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Hilda Gregory is Determined Not to Let Kidney Disease Slow Her Down

Hilda Gregory
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Hilda Gregory knew at age 15 what she wanted to do with her life.
The former school principal and recipient of the Order of British Columbia, the Order of Canada and a YWCA Women of Distinction award – who also happens to be on peritoneal dialysis – saw a film about a deaf child whose mother was determined to teach her to speak.

“I knew right away that’s what I wanted to do,” says the 71-year-old Vancouver resident. She became a teacher and taught hearing children for three years before taking specialized training in Manchester, England. Following her training, she taught deaf children in Liverpool for two years and then moved to Vancouver, where she started the Vancouver Oral Centre for Deaf Children in 1963.

“I heard about a group of parents with deaf children – and no preschool to go to,” says Hilda. “I started working with their eight three-year-olds, and that was beginning of the school.”

In 1997, Hilda’s kidneys failed and she found herself at UBC hospital in critical condition. “When I think back, I had been feeling tired and unwell for a while, but I put it down to being busy fundraising for a new school building,” she says. “The campaign wrapped up successfully, we completed the design, got the permits – and that’s when I became seriously ill.”

Hilda was determined not to let “seriously ill” get her down for long. She was transferred from UBC Hospital to Vancouver General for hemodialysis, and when approached by a nurse about dialysis options, requested the one that would “let her get on with her life.” For Hilda, that option was peritoneal dialysis, which allowed her to return to work a few months later, complete the school’s move to the new building, and celebrate its 35th anniversary before she retired.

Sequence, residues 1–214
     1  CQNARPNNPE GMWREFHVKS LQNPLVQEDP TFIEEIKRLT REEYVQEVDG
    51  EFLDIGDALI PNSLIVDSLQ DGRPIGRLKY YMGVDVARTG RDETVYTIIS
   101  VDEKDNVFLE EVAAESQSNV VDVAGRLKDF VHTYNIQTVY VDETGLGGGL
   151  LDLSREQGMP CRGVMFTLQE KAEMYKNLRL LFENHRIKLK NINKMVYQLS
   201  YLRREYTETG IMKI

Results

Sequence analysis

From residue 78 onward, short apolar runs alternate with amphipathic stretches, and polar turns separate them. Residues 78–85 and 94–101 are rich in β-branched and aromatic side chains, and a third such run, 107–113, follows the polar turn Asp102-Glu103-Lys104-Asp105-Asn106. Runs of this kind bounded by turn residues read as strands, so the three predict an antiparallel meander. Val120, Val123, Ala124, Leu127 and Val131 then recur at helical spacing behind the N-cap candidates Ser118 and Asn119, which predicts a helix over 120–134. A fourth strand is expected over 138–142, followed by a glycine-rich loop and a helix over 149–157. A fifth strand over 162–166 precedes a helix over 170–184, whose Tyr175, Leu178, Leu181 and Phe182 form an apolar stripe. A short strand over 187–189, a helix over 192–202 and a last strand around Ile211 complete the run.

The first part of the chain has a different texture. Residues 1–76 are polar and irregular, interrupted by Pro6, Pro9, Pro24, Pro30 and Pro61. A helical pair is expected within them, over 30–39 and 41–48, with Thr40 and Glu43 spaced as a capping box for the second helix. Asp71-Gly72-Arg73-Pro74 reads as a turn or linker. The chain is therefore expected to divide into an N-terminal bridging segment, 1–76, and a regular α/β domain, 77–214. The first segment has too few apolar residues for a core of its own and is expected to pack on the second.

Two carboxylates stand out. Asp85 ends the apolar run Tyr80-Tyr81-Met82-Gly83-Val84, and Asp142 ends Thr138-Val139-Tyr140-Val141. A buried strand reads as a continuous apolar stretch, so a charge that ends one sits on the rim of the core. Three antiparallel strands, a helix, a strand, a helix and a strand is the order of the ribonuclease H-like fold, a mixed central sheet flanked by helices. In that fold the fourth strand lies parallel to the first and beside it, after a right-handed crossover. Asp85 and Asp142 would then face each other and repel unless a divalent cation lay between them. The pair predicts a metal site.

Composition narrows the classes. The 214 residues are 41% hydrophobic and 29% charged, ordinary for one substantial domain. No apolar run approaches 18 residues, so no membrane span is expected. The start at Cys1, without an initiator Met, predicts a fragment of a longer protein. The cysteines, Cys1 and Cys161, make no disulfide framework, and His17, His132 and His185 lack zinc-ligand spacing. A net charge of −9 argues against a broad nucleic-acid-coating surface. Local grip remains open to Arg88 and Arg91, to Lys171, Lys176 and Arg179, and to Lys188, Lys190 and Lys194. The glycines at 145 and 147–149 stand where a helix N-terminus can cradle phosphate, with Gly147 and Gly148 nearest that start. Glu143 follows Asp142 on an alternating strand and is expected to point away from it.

In 2001, Hilda had a kidney transplant. The new kidney served her for just over five years, and as of summer 2006 she has been back on peritoneal dialysis, through the Vancouver Coastal Renal Program. Despite all the ups and downs, Hilda has no regrets at all.

“I feel so normal!” she says. “I do everything I want to do, and I have lots of energy.” Since she retired, a lot of that energy has been spent advocating for, building and managing social housing in downtown Vancouver through the 127 Society for Housing, an organization she helped form in 1981. Hilda provides peer support to other kidney patients, and is also on several committees – for the Vancouver Oral Centre, the Christ Church Cathedral, and Vancouver General Hospital, as well as the Kidney Foundation, where she is also a board member and secretary to the executive committee.

“Kidney disease hasn't slowed me down at all,” laughs Hilda. “I do my treatments at home or at meetings – whatever it takes to make them fit in my life.”



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